Cadherins are the principal adhesion proteins at intercellular junctions and function as the biochemical Velcro that binds cells together. Besides this mechanical function, cadherin complexes are also mechanotransducers that sense changes in tension and trigger adaptive reinforcement of intercellular junctions. The assembly and regulation of cadherin adhesions are central to their mechanical functions, and new evidence is presented for a comprehensive model of cadherin adhesion, which is surprisingly more complex than previously appreciated. Recent findings also shed new light on mechanisms that regulate cadherin junction assembly, adhesion, and mechanotransduction. We further describe recent evidence for cadherin-based mechanotransduction, and the rudiments of the molecular mechanism, which involves α-catenin and vinculin as key elements. Potential roles of a broader cast of possible force-sensitive partners are considered, as well as known and speculative biological consequences of adhesion and force transduction at cadherin-mediated junctions.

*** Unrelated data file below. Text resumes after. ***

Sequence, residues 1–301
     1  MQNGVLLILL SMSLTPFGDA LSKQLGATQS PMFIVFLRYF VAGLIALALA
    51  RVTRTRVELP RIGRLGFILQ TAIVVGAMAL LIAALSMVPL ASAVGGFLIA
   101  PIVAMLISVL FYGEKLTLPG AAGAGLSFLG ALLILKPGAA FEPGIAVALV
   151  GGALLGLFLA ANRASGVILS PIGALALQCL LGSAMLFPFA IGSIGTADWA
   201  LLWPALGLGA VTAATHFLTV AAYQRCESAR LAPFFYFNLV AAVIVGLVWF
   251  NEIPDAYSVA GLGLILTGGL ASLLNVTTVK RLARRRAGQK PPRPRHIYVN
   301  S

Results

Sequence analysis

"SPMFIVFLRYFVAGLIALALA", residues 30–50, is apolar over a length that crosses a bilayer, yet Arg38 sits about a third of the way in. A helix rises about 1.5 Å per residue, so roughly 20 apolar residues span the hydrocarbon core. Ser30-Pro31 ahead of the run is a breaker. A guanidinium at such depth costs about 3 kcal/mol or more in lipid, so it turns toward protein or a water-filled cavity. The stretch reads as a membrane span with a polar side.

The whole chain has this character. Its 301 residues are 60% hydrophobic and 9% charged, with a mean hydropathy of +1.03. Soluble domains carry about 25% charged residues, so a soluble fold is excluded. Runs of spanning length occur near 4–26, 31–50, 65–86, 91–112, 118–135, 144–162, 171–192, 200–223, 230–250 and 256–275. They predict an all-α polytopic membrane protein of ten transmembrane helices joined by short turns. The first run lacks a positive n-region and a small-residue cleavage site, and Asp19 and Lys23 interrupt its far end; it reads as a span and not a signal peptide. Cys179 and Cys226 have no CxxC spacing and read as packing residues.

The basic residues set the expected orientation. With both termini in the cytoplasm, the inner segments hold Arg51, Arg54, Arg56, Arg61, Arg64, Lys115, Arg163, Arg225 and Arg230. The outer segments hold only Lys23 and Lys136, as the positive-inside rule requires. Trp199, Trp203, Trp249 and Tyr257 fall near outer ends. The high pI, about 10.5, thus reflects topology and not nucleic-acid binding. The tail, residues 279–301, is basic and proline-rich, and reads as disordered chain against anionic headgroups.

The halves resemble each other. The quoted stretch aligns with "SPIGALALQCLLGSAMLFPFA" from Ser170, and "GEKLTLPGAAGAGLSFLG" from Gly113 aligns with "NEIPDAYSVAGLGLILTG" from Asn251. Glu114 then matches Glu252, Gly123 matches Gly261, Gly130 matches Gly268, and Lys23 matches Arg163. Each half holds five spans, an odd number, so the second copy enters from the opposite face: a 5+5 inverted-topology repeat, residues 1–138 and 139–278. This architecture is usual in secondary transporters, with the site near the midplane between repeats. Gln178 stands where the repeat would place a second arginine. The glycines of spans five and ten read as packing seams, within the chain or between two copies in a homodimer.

|Original language||English (US)|
|Number of pages||25|
|Journal||Annual review of cell and developmental biology|
|State||Published - Jan 1 2014|
ASJC Scopus subject areas
- Developmental Biology
- Cell Biology